Guimarães and Braga
On the next day, visit the cities of Braga, an ancient city still maintaining the radiance of the bishops’ power in its monuments, and Guimarães, which holds a very special place in the hearts of the Portuguese people.
Braga is a city rich in historical monuments, starting with its Cathedral – the oldest in the country – very young, due to the University, and with a high-class contemporary architecture.
Once called Bracara Augusta, the city was considered capital of the Gallaecia province in Roman times, today Galicia, by emperor Caracalla. After the Roman domain, the city was occupied by the Suebi, Visigoths and Muslims, until being conquered by Christianity in the 11th century. The exuberance of the Baroque art would later add to it buildings of great magnificence. Imagine Braga’s historical and architectural heritage!
After lunch, go to Guimarães, where you will find the medieval castle of where Afonso Henriques, the first king of Portugal, was born, with a unique atmosphere. Begin your journey in the city’s historical centre, on the list of the UNESCO’s World Heritage, in the heart of the city that was the European Capital of Culture in 2012, the Largo de Nossa Senhora da Oliveira. There you can see the beautiful Church of Colegiada de Guimarães, from whence Pedro Hispano left for Rome and, with the name of John XXI, would become the only Portuguese Pope in the History of the Church. A little further away you will find the delightful Palácio de Vila Flor, today housing the Vila Flor Cultural Centre, and the Largo do Toural, known as the city’s guest room.
Sleep at Pousada de Guimarães, on the hill over the city, resulting from the recovery of the beautiful and majestic Monastery of Agostinhos, a building from the 12th century located in the middle of the Penha Park.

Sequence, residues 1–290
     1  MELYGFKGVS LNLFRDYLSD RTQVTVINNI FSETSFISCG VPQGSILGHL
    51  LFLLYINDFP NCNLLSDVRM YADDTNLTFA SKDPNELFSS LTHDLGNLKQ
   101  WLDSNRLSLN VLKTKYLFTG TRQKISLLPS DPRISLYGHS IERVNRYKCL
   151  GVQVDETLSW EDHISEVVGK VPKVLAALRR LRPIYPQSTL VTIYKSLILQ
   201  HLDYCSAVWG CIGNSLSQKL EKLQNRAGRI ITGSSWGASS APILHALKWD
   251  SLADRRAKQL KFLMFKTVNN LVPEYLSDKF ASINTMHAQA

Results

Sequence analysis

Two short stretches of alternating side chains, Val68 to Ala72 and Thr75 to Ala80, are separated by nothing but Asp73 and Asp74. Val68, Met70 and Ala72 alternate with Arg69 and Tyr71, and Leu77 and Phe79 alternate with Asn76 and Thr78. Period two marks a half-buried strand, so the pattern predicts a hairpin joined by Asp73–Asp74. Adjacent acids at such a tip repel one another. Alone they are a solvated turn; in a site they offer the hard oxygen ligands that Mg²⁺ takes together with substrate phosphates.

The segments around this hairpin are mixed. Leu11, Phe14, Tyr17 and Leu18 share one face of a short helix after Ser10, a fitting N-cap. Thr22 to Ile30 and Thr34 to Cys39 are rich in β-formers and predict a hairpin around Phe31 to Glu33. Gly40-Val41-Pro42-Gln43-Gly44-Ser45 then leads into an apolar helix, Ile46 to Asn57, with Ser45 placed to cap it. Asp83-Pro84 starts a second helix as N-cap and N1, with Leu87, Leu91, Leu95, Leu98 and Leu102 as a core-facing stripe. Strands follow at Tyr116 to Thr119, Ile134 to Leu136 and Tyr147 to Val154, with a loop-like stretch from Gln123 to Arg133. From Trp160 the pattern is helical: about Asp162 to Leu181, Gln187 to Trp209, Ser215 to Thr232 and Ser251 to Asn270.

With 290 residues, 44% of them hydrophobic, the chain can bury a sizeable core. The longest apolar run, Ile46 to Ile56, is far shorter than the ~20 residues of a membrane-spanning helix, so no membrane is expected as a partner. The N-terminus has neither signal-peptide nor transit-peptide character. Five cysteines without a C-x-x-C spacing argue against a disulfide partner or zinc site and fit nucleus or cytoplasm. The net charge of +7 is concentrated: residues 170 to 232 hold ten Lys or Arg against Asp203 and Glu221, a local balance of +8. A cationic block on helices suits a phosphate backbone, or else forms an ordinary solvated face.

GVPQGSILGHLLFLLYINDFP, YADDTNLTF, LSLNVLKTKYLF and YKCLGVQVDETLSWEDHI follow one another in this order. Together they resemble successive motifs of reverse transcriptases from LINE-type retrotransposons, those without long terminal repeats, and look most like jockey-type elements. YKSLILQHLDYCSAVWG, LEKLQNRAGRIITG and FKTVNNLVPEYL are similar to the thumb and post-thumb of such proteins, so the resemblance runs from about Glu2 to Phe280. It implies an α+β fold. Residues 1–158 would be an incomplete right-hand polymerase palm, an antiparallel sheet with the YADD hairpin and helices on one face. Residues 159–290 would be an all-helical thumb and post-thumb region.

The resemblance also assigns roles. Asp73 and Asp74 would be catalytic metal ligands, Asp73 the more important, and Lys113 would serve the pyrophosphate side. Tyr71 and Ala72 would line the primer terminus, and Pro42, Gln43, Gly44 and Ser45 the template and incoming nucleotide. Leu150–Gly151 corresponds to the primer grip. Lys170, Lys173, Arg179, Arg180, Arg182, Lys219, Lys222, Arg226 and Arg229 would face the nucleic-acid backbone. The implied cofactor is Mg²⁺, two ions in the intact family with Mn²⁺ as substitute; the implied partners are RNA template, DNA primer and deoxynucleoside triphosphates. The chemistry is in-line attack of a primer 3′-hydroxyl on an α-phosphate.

Trás-os-Montes in three days
The Trás-os-Montes region is a vast territory, well worth a calm visit, and where you must visit the cities of Chaves and Bragança.
In Chaves, begin your journey with the most important Roman traces of represented in the “Aquae Flaviae”: the beautiful Roman bridge over the Tâmega River, which today still links both parts of the city. Afterwards, you must visit the medieval castle, the Church of Misericórdia and the forts of S. Francisco and S. Neutel.
Have lunch or dinner in the medieval centre – there are regional specialities you can’t afford to miss, such as, presunto de Chaves – and then have a cup of coffee in one of the many bars and cafés of the Parque das Termas, a place appreciated by young people.
In Bragança, we emphasize the impressive medieval wall surrounding the citadel and from where the gigantic Torre de Menagem stands out, a medieval vigilant with its eyes set on the borders.
Inside, the Military Museum tells the centenarian history of the castle and the last floor offers an amazing viewpoint over the city and the vastness of the horizons with bronze coloured mountains in the beautiful landscape of Trás-os-Montes.
How to get there
There are flights from Bremen, Düsseldorf, Frankfurt, Karlsruhe, Munich, Dortmund, Zurich, Liverpool, London, Bordeaux, Carcassonne, Dole, La Rochelle, Lille, Lyon, Marseille, Nantes, Paris, Rodez, St. Etienne Toulouse, Tours, Barcelona, Madrid, Palma de Mallorca, Valencia, Bologna, Milan, Pisa, Rome, Copenhagen, Brussels, Amsterdam, Eindhoven, Rio de Janeiro, São Paulo and New York.
The best way to go from the International Airport Francisco Sá Carneiro to the city centre is to take the underground. The trip takes about 30 minutes.
From Porto, take the A4 towards Amarante and then take the IP4 toward Bragança, in the heart of Trás-os-Montes.